Romania: OCCRP Partner Probes President Iohannis over ‘Undeclared Rents’

The president of Romania may have earned a lot more from his rental properties than he has publicly declared, according to an investigation by OCCRP partner RISE Project Romania.

Screen Shot 2015 08 25 at 5.32.10 PMKlaus Iohannis, President of RomaniaPresident Klaus Iohannis, former mayor of the city of Sibiu and now fourth president of Romania, has been required in the course of his public roles to disclose all of his income in official annual declarations.

But documents seen by RISE showed a € 115,000 (US$ 132,048) difference between Iohannis’s official declarations and the sums found on a series of lease contracts obtained from the Registry of Companies in Romania.

The first contract, dated November 2001, was signed between Raiffeisen, on one side, and Iohannis and Ioan Baștea, on the other side. Iohannis owns half of the property and Baștea owns the other half.

The agreement was signed by Iohannis, both in his name and in the name of Ioan Bastea.

The latter had empowered him to rent his half of the property in his name.

The contract lays out the price for renting a commercial space of 146 square meters to Raiffeisen in the center of Sibiu. It bears two signatures by Iohannis, as well as the “signature: of Raiffeisen.

Raiffeisen hired the property out for five years at US$ 20,000 per year.

RISE reports that the contract was renewed through an appendix on the last working day of 2006 for another 10 years, increasing the rent to €60,000 (US$ 79,020) per year.

The bank agreed to pay in advance for the first three years of rent: €180,000 (US$ 237,060).

Half of that payment, € 90,000 (US$ 118,530), went directly to Iohannis in 2007.

This should have been included in Iohannis’s public income statement as the mayor of Sibiu in 2008.

But, according to RISE, such a declaration is nowhere to be found. Instead, Iohannis declared 16,278 lei (US$ 5,794).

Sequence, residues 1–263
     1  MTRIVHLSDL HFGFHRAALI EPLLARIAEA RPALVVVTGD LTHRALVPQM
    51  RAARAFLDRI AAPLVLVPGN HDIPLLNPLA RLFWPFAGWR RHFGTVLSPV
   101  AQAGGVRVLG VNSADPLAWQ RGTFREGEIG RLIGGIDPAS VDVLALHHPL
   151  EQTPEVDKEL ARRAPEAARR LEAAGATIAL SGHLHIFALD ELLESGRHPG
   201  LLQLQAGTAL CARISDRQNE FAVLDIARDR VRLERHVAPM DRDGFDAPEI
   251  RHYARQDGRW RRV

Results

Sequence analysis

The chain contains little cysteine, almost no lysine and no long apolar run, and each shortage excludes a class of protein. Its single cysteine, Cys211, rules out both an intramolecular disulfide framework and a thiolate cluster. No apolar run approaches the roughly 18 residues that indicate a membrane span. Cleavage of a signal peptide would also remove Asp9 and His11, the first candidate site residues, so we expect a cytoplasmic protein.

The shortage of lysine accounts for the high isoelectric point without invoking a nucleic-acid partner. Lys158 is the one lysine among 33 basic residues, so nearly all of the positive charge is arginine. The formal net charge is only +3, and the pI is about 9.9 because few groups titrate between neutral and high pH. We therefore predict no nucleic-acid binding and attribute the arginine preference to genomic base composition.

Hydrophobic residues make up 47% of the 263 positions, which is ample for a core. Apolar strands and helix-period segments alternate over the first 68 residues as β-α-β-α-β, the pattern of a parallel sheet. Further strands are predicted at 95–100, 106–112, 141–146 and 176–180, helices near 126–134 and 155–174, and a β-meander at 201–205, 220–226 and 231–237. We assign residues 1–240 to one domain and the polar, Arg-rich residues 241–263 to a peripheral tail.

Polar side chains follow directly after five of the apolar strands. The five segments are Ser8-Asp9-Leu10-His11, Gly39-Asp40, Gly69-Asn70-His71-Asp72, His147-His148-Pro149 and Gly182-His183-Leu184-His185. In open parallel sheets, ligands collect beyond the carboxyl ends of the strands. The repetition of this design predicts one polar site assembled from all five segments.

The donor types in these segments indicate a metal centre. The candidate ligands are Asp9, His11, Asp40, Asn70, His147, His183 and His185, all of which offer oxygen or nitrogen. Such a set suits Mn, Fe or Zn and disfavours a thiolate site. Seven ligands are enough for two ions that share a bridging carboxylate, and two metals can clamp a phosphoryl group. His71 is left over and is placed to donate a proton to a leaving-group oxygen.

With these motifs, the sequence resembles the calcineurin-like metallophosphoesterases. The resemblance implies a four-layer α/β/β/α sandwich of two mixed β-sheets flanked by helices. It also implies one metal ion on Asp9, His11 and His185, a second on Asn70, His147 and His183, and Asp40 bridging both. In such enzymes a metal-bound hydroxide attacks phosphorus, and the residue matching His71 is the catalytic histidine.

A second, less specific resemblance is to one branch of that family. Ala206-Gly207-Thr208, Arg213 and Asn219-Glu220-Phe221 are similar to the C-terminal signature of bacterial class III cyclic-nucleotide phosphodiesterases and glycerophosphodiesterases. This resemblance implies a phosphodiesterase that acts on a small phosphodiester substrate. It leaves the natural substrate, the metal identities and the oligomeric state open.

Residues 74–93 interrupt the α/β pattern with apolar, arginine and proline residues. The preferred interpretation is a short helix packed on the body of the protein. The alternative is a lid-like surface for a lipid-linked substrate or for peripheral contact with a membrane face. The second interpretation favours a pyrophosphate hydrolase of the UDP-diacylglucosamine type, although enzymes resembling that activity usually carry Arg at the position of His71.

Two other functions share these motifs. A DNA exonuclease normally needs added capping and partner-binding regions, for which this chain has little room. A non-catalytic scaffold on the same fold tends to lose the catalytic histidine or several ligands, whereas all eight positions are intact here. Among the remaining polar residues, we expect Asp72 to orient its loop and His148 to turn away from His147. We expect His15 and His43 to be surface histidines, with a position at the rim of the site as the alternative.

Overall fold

The 16,278 lei figure was also found consistently on each of Iohannis’ public property declarations for 2005 and 2006.

But RISE reports that the real sum received from the bank during this time was much higher.

The bank did not wish to comment specifically on the Iohannis case but said it paid the amount shown on rental contracts “in all cases”.

Meanwhile, Iohannis also leased a villa to Netex Production Company.

According to a contract inspected by RISE, Iohannis was due 38,880 lei in 2004 (US$ 12,960), 38,533 lei in 2005 (US$ 12,844) and 42,600 lei in 2006 (US$ 15,165).

The annual assets declarations made by Iohannis as mayor of Sibiu showed 19,424 lei (US$ 6,475) on all three years.

The documents lead RISE to believe that from 2004 to 2007, Iohannis received more money from rentals than they publicly declared.

The National Integrity Agency in Romania (ANI) launched an investigation to “assess the wealth” of Iohannis in 2010. But, in November 2014, the case was frozen by the Romanian Constitutional Court.

According to a Romanian law established in 1996, the Romanian president’s assets can only be officially investigated after his term ends, unless the probe is ordered by Parliament.

President Iohannis has declined to comment.